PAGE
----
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The Fibonacci Sequence: Nature's Code

The Fibonacci Sequence: Nature's Code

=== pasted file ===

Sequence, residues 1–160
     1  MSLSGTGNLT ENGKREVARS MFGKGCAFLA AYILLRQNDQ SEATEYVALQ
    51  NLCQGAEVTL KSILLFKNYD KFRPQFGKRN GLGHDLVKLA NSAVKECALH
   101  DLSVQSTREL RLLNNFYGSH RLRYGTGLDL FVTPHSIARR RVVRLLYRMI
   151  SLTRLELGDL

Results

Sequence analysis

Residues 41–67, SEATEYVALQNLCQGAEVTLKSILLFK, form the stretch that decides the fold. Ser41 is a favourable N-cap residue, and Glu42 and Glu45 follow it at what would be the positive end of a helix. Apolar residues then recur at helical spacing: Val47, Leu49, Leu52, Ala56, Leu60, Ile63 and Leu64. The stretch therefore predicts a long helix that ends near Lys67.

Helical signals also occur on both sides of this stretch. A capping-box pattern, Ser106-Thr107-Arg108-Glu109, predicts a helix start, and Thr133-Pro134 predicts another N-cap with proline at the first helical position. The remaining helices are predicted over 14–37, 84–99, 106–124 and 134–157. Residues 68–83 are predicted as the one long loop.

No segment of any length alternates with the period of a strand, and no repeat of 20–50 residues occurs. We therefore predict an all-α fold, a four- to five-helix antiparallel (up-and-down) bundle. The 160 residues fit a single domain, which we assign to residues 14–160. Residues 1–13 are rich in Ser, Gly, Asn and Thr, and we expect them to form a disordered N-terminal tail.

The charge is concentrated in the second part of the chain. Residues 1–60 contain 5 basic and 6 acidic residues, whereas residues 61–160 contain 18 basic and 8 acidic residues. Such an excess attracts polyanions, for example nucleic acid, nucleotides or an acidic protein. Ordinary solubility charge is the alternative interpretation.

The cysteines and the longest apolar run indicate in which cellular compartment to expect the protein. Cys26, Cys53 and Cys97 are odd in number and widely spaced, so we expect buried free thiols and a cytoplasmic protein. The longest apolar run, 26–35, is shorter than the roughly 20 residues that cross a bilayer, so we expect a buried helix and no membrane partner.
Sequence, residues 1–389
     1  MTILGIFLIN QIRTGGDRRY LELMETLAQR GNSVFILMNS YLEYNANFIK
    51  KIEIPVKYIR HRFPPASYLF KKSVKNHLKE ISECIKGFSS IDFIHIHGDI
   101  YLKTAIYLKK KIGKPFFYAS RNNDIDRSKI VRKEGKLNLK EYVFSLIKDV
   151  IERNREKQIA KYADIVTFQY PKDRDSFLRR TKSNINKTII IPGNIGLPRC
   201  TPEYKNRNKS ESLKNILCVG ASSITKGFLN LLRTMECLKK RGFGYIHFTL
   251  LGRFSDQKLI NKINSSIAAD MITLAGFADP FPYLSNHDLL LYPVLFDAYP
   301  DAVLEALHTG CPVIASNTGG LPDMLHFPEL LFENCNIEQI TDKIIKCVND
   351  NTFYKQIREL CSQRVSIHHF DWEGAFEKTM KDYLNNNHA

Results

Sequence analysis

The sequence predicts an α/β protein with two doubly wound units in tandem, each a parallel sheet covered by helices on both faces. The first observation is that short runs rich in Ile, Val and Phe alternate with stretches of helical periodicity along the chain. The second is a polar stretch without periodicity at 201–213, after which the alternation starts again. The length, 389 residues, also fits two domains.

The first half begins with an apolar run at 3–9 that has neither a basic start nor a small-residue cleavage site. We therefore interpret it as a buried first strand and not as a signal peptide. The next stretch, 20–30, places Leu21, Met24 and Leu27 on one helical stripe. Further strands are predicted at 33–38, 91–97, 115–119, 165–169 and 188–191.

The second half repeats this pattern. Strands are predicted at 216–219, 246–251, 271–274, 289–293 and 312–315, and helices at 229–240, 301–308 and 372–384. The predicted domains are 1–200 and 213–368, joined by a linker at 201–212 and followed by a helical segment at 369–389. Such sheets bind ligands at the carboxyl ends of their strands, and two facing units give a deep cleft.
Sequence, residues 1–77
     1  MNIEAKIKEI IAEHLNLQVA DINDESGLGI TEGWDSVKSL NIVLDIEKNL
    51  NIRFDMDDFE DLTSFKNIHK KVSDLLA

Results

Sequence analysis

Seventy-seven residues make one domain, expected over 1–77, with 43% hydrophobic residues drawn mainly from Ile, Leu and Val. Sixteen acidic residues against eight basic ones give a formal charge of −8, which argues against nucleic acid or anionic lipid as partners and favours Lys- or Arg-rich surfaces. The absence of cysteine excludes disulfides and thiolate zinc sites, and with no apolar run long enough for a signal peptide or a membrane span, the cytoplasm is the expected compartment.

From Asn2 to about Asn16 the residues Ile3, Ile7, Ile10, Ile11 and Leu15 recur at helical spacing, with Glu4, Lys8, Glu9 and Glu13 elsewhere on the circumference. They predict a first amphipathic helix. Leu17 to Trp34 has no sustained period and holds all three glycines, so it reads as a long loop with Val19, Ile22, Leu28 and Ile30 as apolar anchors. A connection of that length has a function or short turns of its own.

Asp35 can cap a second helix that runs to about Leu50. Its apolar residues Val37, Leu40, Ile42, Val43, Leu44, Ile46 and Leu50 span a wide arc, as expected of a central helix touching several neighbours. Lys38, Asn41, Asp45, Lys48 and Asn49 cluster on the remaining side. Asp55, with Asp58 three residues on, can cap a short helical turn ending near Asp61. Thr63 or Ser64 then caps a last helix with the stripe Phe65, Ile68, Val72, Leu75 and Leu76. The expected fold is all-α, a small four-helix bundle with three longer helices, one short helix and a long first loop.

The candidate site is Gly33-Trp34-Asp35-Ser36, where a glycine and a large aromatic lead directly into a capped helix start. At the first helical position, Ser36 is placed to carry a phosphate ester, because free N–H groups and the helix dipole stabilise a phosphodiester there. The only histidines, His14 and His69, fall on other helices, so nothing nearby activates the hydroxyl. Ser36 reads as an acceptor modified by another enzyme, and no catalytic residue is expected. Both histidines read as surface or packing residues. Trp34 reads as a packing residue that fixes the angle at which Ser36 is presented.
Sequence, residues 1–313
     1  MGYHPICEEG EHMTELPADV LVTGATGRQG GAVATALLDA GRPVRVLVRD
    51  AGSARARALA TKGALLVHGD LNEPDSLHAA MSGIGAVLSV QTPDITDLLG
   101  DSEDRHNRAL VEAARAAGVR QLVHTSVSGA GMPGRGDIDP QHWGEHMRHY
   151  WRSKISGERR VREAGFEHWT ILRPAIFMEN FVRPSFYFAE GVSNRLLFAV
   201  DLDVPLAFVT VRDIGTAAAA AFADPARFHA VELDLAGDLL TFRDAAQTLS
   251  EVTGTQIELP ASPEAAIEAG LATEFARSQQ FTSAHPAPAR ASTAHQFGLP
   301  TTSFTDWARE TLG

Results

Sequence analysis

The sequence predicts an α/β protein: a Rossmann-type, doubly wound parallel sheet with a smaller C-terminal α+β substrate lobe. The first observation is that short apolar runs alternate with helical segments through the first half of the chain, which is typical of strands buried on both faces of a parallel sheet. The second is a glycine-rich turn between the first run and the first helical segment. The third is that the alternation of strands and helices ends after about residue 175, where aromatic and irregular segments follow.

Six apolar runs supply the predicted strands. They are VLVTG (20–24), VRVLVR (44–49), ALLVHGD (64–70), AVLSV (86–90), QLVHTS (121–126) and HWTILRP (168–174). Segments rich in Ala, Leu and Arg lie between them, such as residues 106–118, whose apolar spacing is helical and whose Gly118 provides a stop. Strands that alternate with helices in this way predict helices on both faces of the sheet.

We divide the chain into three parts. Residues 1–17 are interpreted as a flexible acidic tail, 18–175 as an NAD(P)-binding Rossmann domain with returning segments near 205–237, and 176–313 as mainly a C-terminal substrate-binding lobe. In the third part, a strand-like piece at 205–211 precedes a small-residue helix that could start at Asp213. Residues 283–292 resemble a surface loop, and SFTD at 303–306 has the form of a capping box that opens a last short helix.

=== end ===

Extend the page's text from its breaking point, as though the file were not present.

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Le nombre d’or, la règle des tiers dopée Bienvenue sur Apprendre la Photo !Si vous êtes nouveau ici, vous voudrez sans doute lire mon guide qui répond aux 5 problèmes courants des débutants : Cliquez ici pour télécharger le guide gratuitement !Merci de votre visite, et à bientôt sur Apprendre la Photo ! :) Si vous avez un peu exploré le blog et vous êtes intéressé à la composition de vos photos, vous avez forcément entendu parler de la règle des tiers. En général, quand on découvre la règle des tiers en débutant la photographie, ça révolutionne un peu notre vision du monde, des images et on finit par découvrir qu’on a passé sa vie à centrer le sujet, et que c’est ce qui donnait des images moches pas top. Et bien aujourd’hui, je vais vous parler d’une règle de composition qui y ressemble un peu, mais qui a encore plus de force. Ah non, tu déconnes ? Pas d’inquiétude, je ne ferai pas dans le compliqué Spirale de phi Ça ressemble à la règle des tiers, ça a l’odeur de la règle des tiers… mais ce n’est pas la règle des tiers !